I’m not very keen on bending the rules on production systems, I’d prefer to do things that look as if they could have happened in a completely legal fashion, but sometimes it’s necessary to abuse the system and here’s an example to demonstrate the point. I’ve got a simple SQL statement consisting of nothing more than an eight table join where the optimizer (on the various versions I’ve tested, including 12c) examines 5,040 join orders (even though _optimizer_max_permutations is set to the default of 2,000 – and that might come as a little surprise if you thought you knew what that parameter was supposed to do):
select /*+ star */ d1.p1, d2.p2, d3.p3, d4.p4, d5.p5, d6.p6, d7.p7, f.small_vc from dim1 d1, dim2 d2, dim3 d3, dim4 d4, dim5 d5, dim6 d6, dim7 d7, fact_tab f where d1.v1 = 'abc' and d2.v2 = 'def' and d3.v3 = 'ghi' and d4.v4 = 'ghi' and d5.v5 = 'ghi' and d6.v6 = 'ghi' and d7.v7 = 'ghi' and f.id1 = d1.id and f.id2 = d2.id and f.id3 = d3.id and f.id4 = d4.id and f.id5 = d5.id and f.id6 = d6.id and f.id7 = d7.id ;
It’s useful to have such extreme examples because they make it easy to notice certain features of Oracle’s behaviour – in this case the difference between SQL Plan Baselines and SQL Profiles. After I had created a baseline for this statement the optimizer still examined 5,040 join orders because that’s the way that baselines work – the optimizer first tries to optimize the statement without the baseline in case it can produce a better plan (for future evaluation and evolution) than the plan dictated by the baseline.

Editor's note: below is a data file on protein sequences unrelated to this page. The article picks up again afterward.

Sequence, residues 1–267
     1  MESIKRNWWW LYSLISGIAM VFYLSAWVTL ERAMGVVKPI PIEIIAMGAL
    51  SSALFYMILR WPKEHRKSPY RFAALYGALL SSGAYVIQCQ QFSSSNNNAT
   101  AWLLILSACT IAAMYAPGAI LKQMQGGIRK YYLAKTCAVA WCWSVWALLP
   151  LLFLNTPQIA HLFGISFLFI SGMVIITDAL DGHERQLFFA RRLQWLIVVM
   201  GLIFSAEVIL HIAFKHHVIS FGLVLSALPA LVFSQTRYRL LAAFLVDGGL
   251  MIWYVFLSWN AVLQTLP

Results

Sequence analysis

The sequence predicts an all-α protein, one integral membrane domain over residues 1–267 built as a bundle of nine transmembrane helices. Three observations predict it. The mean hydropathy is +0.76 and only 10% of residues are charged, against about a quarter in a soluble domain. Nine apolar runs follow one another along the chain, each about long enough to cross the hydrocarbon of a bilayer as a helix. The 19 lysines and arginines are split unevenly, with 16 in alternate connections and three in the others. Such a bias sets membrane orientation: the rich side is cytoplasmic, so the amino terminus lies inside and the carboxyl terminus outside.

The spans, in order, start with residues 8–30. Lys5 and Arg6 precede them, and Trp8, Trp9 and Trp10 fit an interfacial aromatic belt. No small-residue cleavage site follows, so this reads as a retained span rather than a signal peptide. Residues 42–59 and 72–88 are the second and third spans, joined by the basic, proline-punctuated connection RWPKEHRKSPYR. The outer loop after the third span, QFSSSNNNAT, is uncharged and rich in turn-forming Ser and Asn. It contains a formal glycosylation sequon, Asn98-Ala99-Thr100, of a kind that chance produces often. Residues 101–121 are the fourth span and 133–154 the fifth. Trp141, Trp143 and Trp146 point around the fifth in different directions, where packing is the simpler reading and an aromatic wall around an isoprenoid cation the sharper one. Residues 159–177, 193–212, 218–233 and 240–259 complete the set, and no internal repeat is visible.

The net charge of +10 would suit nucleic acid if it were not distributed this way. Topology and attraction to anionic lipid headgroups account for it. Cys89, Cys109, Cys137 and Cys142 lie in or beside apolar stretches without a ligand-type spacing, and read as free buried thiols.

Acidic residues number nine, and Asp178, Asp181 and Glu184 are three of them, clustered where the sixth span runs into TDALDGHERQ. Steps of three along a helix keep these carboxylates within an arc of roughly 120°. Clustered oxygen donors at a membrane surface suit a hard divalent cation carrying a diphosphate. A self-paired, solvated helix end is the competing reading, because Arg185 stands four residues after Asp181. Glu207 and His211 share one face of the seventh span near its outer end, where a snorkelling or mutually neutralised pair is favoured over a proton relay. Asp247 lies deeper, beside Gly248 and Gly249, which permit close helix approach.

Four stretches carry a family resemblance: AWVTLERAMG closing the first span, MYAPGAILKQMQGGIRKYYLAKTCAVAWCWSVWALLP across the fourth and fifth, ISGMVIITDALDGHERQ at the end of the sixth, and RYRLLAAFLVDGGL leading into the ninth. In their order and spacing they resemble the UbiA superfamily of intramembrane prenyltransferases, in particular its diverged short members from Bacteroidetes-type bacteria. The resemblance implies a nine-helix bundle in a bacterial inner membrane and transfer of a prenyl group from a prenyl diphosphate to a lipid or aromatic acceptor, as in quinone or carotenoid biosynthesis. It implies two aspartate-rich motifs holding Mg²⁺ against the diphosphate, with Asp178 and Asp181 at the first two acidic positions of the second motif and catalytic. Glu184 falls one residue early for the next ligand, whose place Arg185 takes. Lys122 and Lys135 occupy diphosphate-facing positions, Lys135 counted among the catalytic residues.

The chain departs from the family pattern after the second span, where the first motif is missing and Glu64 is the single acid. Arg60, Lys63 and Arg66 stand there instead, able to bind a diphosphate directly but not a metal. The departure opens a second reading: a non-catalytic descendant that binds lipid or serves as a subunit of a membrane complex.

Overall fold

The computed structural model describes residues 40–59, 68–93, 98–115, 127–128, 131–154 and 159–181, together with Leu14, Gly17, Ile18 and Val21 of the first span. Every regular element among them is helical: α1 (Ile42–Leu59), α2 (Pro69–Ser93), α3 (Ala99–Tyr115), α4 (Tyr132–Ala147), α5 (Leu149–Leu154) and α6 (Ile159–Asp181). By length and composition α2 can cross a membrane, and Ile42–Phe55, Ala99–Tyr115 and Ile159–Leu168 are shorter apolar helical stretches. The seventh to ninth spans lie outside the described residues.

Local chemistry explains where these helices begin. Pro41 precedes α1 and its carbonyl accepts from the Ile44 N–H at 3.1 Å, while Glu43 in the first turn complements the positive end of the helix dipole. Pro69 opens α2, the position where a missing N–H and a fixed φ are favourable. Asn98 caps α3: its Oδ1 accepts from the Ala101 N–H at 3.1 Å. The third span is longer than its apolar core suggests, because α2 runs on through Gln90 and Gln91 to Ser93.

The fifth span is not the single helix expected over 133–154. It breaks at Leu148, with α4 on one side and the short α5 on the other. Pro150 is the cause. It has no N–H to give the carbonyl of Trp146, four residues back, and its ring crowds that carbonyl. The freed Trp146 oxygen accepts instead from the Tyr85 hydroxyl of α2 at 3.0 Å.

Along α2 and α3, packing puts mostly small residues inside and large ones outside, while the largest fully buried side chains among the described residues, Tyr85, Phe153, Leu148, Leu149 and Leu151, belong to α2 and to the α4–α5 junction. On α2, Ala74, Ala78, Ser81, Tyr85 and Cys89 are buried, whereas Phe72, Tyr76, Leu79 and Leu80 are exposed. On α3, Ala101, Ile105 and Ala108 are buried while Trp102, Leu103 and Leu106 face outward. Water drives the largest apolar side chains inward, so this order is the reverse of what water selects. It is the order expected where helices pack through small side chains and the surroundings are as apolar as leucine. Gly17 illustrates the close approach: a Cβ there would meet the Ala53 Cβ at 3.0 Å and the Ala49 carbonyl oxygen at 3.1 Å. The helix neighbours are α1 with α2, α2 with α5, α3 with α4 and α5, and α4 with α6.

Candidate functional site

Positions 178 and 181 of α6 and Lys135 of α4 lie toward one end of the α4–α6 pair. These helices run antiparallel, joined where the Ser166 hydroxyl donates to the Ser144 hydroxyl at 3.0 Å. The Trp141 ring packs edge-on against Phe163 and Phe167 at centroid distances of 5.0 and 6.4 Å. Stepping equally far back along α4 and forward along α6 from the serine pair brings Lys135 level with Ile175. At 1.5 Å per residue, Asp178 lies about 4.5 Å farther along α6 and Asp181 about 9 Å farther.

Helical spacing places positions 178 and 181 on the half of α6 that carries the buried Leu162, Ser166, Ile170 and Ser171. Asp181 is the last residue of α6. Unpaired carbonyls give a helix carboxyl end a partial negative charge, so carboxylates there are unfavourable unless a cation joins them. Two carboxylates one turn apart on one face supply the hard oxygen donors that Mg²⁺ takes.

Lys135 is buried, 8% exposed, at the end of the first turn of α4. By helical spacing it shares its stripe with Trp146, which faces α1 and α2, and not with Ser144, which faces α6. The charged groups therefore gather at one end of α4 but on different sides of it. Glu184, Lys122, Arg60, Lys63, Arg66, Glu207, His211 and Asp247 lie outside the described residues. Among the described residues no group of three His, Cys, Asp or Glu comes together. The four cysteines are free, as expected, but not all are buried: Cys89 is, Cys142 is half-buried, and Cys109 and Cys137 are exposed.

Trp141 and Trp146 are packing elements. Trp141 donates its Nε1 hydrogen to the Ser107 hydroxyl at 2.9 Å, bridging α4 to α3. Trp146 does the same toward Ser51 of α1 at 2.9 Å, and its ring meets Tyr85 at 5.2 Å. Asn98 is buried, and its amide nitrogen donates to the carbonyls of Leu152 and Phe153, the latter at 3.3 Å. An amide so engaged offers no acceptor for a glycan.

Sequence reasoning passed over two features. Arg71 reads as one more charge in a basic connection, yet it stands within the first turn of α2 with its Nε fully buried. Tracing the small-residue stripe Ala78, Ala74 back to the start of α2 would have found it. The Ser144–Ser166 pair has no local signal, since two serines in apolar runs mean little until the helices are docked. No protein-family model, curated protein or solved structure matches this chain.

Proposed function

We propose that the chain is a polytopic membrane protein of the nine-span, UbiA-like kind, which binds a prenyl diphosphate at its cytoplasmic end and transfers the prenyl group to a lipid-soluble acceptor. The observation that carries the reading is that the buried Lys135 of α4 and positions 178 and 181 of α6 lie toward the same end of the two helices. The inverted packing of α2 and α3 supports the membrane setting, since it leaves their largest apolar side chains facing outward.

In my example this wasn’t really a problem (apart from the memory requirement in the SGA) but one of my clients has a production query that takes 7 seconds to optimize then runs in a few seconds more, so I’d like to get rid of that 7 seconds … without touching the code. Adding a baseline won’t reduce the time to optimize. (Note: 7 seconds may not seem like a lot, but when several copies of this query are executed concurrently using a different literal value as an input, that 7 seconds can go up to anything between 40 and 500 seconds of CPU parse time per query).
If I take a different tack and write some code to acquire the content of the SQL Plan Baseline (viz. the outline section from the in-memory execution plan) but store it as an SQL Profile the optimizer simply follows the embedded hints and examines just one join order (because the set of hints includes a leading() hint specifying exactly the join order required). This is why I will, occasionally, take advantage of the code that Kerry Osborne and Randolf Geist produced some time ago to raid the library cache for a child cursor and store its plan outline as an SQL profile.
This dirty trick doesn’t always solve the problem – the first example I tried to use for my demonstration did a complex concatenation that took a couple of minutes to optimise, and storing the baseline as a profile didn’t help.